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Update: A second accuser emerges with misconduct allegations against Supreme Court nominee Brett Kavanaugh. Also on the Monday rundown: We take you to a state where more than 60,000 kids are chronically absent from school; and we'll let you know why the rural digital divide can be a twofold problem.

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Congressional Hearing on EPA Fracking Research in Pavillion

February 1, 2012

PAVILLION, Wyo. - The Environmental Protection Agency's study of groundwater contamination and links to hydraulic fracturing in Pavillion is the topic of a U.S. House subcommittee hearing today in Washington.

No one locally affected was invited to the hearing before the House Energy and Environment Subcommittee, which is expected to include criticism of the EPA's scientific approach.

Ever since the report tentatively linked fracking to pollution, says Pavillion rancher John Fenton, the science has been attacked.

"All this, while the people still sit here suffering the impacts, and have lately been pretty much forgotten in the political jousting that's been going on."

Fenton says he and other area residents reached out to the EPA for the research after dealing with water contamination for 10 years and not getting a satisfactory response, either from the state or the industry.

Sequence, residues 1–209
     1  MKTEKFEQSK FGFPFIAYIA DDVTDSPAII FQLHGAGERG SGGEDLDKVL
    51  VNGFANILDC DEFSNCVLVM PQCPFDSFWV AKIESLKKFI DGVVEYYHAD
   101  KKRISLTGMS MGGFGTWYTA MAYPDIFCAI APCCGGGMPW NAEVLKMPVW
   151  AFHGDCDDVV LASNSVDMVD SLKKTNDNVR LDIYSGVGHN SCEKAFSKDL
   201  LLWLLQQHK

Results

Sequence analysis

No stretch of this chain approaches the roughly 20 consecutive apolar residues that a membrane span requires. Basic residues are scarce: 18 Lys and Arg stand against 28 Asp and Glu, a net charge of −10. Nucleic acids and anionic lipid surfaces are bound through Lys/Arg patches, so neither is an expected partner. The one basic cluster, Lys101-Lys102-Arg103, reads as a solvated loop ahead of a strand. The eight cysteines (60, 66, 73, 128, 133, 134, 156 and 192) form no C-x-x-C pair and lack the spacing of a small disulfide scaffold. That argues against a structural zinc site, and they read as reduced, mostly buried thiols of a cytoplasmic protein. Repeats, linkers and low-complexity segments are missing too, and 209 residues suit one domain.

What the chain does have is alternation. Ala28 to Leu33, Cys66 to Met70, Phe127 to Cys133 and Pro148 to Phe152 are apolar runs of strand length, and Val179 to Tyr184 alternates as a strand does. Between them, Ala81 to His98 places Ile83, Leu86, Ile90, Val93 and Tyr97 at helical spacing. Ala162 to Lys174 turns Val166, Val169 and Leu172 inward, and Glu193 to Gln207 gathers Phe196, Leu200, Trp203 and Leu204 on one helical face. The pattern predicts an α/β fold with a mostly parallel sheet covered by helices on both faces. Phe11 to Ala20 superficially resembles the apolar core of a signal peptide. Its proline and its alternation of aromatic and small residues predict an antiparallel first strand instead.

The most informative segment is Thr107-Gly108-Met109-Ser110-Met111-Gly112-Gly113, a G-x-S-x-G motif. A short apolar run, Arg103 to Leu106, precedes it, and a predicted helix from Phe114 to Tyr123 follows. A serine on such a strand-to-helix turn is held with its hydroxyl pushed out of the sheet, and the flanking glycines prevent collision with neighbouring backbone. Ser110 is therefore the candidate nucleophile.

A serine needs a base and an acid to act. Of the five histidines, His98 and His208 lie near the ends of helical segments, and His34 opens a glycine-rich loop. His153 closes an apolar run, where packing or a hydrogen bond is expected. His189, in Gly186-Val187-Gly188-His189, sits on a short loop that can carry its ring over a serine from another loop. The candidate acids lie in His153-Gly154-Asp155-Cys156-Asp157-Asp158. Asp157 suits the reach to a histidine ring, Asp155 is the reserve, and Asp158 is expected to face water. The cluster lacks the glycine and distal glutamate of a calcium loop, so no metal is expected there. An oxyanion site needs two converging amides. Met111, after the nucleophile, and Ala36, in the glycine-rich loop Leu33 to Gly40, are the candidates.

Pavillion resident Louis Meeks says he and others are thankful the EPA tested water supplies, and he wants the agency to be allowed to continue its research and reporting. He describes the effects contaminated water has had on his family.

"We both have breathing problems and have been prescribed oxygen. When we take a shower, the bathroom has to be vented because of the explosive element of methane coming from the water well. We have to wash and rinse all our dishes with bottled water."

Jeff Locker also lives in Pavillion, and wants a chance to tell his story to Congress.

"I'm a little bit frustrated that a lot of times these hearings and meetings take place without inviting people from the local area to represent themselves."

Today's hearing is to begin at 8 a.m. MST. Public comments on the EPA's report are being accepted through March 12 at regulations.gov.

Deb Courson Smith, Public News Service - WY